Photo by Kenny Eliason on Unsplash

How Do People Know They’re Trans?

Well, how do you know you’re cis?

I think the simplest way I was ever asked to think about this question is by reading the question asked after the headline: How do you know you’re cis?

Sitting with that, lots of things came up for me: “I just know,” “normal,” natural.”

Simply put, the same is true for trans people.

Of course the experiences are different. But, despite the need for gender-affirming care, trans people understand themselves in the same way that cis people do, even when their truth may be more nuanced and may include more honest exploration.

To bring a little more light to this question, let’s talk about what Julia Serano calls subconscious sex.

In her book Whipping Girl, Serano takes issue with the idea of “gender identity,” particularly when teasing out a cis person’s curiosity around how trans people assigned one sex at birth come to know themselves as another.

Trans people being described as “identifying as …,” according to Serano, though I think we would all agree, speaks more to the idea of making conscious and deliberative choices around gender, as people do with, say, political affiliation or career choice, for example.

Serano explains:

“… the phrase ‘gender identity’ is problematic because it seems to describe two potentially different things: the gender we consciously choose to identify as, and the gender we subconsciously feel ourselves to be. To make things clearer, I will refer to the latter as subconscious sex.”

When talking about her own experience, Serano walks readers through why talking about how she knows herself to be a trans woman isn’t accurately described by saying she saw herself or knew herself to be female, or wished or wanted to be female, or felt female.

Instead, as Serano says:

“Perhaps the best way to describe how my subconscious sex feels to me is to say that it seems as if, on some level, my brain expects my body to be female.”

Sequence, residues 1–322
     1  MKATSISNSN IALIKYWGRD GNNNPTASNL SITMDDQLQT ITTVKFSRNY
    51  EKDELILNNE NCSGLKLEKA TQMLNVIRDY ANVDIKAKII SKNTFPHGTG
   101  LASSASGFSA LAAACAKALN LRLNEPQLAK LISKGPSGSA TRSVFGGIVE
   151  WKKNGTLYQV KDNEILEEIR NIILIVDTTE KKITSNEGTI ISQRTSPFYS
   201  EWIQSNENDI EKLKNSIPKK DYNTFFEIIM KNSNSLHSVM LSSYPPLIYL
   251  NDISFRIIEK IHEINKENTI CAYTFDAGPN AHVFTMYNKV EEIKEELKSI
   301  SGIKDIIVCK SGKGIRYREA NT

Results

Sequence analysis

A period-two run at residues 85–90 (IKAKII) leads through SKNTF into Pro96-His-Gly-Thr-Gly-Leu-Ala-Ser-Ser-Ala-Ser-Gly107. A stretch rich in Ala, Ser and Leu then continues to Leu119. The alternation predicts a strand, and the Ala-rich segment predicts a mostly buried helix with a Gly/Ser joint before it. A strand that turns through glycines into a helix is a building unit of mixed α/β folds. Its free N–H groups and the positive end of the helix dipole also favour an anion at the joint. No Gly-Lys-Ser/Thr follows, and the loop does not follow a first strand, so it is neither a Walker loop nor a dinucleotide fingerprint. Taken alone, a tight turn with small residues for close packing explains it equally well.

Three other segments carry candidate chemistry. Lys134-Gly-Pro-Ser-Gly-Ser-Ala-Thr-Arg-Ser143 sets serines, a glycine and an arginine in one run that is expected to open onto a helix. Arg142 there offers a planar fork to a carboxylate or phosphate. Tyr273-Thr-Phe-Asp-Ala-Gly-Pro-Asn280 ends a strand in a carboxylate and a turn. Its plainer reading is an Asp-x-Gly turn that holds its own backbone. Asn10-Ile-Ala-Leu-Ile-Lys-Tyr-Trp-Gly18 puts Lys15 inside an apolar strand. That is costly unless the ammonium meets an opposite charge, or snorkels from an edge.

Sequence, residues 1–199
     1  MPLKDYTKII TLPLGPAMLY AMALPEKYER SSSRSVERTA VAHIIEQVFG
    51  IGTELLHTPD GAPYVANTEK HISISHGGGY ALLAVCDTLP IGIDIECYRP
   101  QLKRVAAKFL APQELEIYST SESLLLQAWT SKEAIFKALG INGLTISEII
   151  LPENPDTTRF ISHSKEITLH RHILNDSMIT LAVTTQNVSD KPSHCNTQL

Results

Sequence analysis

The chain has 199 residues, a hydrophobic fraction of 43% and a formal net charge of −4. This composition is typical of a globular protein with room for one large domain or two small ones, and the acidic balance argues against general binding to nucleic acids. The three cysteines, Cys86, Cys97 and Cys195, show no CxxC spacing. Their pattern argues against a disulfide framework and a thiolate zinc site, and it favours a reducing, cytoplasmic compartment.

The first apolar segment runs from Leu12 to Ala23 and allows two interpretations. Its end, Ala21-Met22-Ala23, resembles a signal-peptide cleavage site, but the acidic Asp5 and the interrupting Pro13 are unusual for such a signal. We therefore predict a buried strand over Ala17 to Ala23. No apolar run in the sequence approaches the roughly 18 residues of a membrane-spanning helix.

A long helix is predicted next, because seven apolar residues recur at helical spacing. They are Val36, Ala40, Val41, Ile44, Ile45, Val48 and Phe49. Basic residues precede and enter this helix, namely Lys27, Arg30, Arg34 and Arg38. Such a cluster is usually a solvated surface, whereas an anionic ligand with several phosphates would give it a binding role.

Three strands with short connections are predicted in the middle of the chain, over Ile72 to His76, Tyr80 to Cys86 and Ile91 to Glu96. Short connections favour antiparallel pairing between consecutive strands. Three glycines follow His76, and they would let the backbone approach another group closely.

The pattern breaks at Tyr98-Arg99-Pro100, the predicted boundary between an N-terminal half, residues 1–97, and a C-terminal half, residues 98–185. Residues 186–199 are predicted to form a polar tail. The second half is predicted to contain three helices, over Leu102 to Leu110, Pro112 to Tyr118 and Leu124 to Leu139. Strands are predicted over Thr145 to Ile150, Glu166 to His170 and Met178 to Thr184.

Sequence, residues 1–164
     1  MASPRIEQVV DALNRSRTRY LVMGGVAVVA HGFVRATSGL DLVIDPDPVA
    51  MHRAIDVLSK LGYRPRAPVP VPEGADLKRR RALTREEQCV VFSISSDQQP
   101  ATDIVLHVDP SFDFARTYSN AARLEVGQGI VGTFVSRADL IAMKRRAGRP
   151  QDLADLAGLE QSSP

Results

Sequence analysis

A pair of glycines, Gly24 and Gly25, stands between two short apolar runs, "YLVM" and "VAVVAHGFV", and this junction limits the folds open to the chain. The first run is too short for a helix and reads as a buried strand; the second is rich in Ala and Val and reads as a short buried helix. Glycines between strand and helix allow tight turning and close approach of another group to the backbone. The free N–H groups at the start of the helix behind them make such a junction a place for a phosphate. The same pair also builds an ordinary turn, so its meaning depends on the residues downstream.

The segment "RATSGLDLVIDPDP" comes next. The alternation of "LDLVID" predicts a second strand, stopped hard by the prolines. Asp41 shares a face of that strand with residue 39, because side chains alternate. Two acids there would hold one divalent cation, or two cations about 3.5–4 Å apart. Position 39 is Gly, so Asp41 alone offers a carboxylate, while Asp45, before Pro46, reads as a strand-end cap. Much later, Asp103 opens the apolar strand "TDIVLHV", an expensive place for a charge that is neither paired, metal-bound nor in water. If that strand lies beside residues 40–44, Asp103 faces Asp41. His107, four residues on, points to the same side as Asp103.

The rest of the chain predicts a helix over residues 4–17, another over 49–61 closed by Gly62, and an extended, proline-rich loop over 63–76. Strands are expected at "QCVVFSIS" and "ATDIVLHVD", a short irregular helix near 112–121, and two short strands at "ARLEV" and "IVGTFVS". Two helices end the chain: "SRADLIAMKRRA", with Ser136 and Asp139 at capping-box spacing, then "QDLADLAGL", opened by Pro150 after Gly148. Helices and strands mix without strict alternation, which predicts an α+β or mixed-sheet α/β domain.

She goes on to explain some existing research that suggests our brains have an intrinsic understanding of what sex our bodies should be, supported by the example of numerous male infants who’d been reassigned female after botched circumcisions — raised, socialized and with female-appearing genitalia — but eventually came to understand themselves as male.

She says:

“The brain-hardwiring hypothesis can also account for why thinking of myself as female has always been beyond my conscious reach, why I was unable to repress it or rationalize it away no matter how hard I tried. A lot of people assume that trans people have an addict-like obsession with being the other sex: The more we think about it, the more we convince ourselves into believing it to be true. I have found that being trans is quite the opposite: The more I tried to ignore the thoughts of being female, the more persistently they pushed their way back into the forefront of my mind. In that way, they felt more like other subconscious feelings, such as hunger or thirst, where neglecting the urge only makes the feeling more intense with time.”

When I read Whipping Girl as I was figuring out how to be the best parent for my trans kid, the idea of subconscious sex made good sense to me, even as someone who never experienced a subconscious sex that did not align with my assigned sex at birth.

Especially when I read this:

“Let’s face it: If cissexuals didn’t have a subconscious sex, then sex reassignment would be far more common than it is. Women who wanted to succeed in the male-dominated business world would simply transition to male. Lesbians and gay men who were ashamed of their queerness would simply transition to the other sex. Gender studies grad students would transition for a few years to gather data for their theses. Actors playing transsexuals would go on hormones for a few months in order to make their portrayals more authentic. Criminals and spies would physically transition as a way of going undercover. And contestants on reality shows would be willing to change their sex in the hope of achieving fifteen minutes of fame.”

When I sat with the above, what I couldn’t stop thinking about is that even if these examples didn’t happen regularly, that they don’t happen at all is striking.

I wear my hair short and have some non-conforming mannerisms, but I have not ever seriously questioned that my gender/sex did not align with my assigned birth sex. That natural comfort means something to me, just as the natural comfort my son found means something to him.

NOTE: Some might suggest, “Great, let’s just do brain imaging to figure out who is trans and who isn’t!” That is not what these studies are suggesting or promoting. Trans people do not need to be further pathologized.

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